June 10, 2010; Source: SF Weekly | The very well known Tenderloin Housing Clinic has been a friend to tenants in the hot San Francisco housing market for many years. Its online news source, BeyondChron.org, tracks landlord-tenant issues and the uses (and sometimes abuses) of government housing moneys. Recently, it reported on a landlord who it alleged violated the terms of a city loan for lead paint abatement (in part because she evicted a tenant during the process).
The landlord countered she had never been sued by the city, though she has had contentious legal interactions with the Housing Clinic, and she sued BeyondChron.org for defamation.
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The facts? The landlord’s husband was sued, not her, though she was referenced in the briefs as one of the parties violating the terms of the city loan. So she’s been defamed because the nominal defendant in the case was her husband, even though it’s clear that she’s also part and parcel (or party) to the case.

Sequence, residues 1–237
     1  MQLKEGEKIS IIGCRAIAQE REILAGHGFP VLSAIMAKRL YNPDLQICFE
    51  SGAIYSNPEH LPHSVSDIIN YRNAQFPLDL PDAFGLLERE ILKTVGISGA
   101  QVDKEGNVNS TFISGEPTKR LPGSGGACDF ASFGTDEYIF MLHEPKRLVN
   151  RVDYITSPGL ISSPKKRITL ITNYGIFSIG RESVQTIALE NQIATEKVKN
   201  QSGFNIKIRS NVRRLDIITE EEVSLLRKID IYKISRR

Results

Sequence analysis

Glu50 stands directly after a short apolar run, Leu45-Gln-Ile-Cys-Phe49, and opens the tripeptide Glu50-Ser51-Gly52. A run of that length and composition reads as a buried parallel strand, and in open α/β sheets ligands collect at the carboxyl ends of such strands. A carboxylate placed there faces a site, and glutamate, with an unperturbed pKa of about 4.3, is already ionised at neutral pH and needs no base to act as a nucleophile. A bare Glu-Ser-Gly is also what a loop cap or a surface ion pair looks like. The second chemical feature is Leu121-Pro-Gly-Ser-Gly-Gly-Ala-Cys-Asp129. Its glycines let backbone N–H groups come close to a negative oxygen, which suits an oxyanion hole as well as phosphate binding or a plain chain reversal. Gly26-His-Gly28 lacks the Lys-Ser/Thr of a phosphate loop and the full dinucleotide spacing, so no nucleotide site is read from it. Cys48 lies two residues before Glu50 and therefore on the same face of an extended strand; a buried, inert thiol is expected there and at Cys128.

This may sound like a tempest in a teapot, but it shows how some nonprofit critics and opponents will take to the courts to press their point, sometimes with deeper pockets than most nonprofits have at their disposal, and if there are publications involved, potentially raising questions of legal liability. One hopes that “SLAPP” (strategic lawsuit against public participation) cases like this one are quickly seen by the courts for what they are and tossed out before the nonprofit has to spend unnecessary funds defending itself against unwarranted legal actions.—Rick Cohen